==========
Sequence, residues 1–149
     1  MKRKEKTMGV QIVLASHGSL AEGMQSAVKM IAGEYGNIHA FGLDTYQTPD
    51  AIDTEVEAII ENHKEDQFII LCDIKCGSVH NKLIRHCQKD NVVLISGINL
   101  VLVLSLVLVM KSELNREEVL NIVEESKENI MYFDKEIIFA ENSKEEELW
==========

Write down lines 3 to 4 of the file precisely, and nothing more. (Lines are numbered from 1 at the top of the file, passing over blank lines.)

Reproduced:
    51  AIDTEVEAII ENHKEDQFII LCDIKCGSVH NKLIRHCQKD NVVLISGINL
   101  VLVLSLVLVM KSELNREEVL NIVEESKENI MYFDKEIIFA ENSKEEELW